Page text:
Temple of Augustus
Temple of Augustus © Ori~
The Roman Temple of Augustus was built by the Romans in the 2nd century AD, and contains the best-preserved copy of Emperor Augustus' last will and testament, inscribed on the vestibule walls. After the death of Augustus in 14 AD, a copy of the text of the Res Gestae Divi Augusti was inscribed on both walls inside the pronaos in Latin, with a Greek translation on an exterior wall of the cella.
The inscriptions are the primary surviving source of the text, since the original inscription on bronze pillars in front of the Mausoleum of Augustus in Rome has long been lost, and two other surviving inscriptions of the text are incomplete. The temple itself is in ruins and not open to the public, but together with other Roman ruins in the vicinity (including the Roman baths and the column of Julian) it is an exciting port of call for classical history addicts.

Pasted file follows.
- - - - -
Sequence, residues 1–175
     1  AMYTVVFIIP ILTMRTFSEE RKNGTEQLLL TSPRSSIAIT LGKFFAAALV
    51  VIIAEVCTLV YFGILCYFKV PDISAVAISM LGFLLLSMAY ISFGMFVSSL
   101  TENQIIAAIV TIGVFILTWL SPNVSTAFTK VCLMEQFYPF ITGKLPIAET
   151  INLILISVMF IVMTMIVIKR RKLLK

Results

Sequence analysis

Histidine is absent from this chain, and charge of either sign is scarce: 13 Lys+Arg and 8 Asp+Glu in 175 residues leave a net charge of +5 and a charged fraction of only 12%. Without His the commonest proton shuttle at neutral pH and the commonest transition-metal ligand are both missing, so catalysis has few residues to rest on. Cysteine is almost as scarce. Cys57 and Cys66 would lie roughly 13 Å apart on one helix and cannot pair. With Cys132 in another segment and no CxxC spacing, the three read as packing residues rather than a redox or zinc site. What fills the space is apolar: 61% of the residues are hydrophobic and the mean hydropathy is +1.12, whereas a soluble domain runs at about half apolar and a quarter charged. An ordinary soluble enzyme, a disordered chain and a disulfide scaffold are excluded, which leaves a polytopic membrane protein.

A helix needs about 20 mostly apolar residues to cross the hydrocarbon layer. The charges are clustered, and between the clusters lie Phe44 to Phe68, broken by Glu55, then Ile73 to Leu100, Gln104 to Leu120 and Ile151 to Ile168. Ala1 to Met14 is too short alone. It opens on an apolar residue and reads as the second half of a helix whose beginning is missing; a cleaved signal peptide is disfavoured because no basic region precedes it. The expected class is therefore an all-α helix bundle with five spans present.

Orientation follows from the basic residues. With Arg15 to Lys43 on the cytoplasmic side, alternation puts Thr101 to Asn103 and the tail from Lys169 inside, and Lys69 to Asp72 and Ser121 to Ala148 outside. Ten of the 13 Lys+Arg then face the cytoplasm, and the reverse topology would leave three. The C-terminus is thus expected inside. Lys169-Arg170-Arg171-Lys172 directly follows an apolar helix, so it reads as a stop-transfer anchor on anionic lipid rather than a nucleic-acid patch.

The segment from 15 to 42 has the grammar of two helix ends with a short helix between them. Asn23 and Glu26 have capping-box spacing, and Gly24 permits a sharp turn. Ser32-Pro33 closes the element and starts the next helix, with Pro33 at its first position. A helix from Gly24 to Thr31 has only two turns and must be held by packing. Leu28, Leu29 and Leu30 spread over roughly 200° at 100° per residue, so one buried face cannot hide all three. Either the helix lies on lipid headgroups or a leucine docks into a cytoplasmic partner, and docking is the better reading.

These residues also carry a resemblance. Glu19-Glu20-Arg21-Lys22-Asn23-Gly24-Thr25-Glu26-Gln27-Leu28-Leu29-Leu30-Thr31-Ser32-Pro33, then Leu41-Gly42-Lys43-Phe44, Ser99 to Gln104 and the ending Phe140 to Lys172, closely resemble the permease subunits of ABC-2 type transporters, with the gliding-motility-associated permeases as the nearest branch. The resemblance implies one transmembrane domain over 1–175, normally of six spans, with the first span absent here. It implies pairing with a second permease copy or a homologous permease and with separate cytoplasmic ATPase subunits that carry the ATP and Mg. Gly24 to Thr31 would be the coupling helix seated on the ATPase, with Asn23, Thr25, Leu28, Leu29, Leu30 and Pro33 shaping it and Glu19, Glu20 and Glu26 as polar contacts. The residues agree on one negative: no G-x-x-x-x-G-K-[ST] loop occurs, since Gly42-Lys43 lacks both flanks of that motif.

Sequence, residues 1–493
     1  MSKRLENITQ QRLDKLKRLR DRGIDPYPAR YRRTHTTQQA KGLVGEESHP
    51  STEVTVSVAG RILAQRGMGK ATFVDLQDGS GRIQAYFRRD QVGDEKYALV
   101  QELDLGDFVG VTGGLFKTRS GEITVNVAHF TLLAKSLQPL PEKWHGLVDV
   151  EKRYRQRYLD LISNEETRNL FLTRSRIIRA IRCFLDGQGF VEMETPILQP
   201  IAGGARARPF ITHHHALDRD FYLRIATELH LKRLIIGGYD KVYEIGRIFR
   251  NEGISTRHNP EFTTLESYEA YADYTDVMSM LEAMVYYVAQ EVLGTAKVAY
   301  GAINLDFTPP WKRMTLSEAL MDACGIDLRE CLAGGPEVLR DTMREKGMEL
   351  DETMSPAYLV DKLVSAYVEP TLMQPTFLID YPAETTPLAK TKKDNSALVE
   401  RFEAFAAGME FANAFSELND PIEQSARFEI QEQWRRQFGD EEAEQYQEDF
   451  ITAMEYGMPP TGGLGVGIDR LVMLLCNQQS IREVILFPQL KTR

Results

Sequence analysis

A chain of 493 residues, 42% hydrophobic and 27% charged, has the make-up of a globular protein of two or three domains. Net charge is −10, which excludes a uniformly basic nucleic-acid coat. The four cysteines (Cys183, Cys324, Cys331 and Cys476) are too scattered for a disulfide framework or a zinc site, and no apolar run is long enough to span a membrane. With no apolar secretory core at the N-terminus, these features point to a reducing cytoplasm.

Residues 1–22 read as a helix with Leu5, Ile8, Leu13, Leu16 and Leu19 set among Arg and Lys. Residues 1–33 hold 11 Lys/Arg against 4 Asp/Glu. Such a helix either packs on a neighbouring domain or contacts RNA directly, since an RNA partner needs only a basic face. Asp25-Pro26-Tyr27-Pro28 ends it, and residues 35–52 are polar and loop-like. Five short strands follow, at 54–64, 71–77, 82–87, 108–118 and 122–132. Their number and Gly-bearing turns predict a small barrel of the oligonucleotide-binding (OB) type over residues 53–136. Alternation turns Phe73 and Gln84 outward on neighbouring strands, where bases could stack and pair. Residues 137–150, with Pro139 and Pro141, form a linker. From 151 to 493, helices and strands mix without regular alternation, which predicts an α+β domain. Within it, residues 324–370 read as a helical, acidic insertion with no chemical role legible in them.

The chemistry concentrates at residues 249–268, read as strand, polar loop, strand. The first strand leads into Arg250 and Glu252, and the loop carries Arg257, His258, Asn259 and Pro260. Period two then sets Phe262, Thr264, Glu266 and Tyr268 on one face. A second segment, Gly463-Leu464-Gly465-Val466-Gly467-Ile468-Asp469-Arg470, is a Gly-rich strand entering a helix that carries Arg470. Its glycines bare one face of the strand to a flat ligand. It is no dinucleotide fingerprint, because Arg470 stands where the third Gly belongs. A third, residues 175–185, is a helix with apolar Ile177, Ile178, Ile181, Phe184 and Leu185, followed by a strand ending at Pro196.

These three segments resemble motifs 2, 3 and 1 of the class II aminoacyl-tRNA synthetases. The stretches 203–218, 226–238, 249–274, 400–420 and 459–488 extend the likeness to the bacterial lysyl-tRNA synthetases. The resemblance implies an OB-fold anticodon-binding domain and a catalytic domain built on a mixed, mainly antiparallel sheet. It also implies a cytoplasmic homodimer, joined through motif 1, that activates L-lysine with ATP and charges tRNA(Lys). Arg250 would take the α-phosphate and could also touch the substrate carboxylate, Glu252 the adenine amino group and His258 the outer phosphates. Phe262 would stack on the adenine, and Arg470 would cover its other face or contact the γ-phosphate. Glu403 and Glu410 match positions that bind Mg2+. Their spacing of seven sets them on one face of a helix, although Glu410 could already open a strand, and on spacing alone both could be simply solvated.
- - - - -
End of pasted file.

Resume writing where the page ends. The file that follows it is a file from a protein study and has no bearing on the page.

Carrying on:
Address: Ulus Square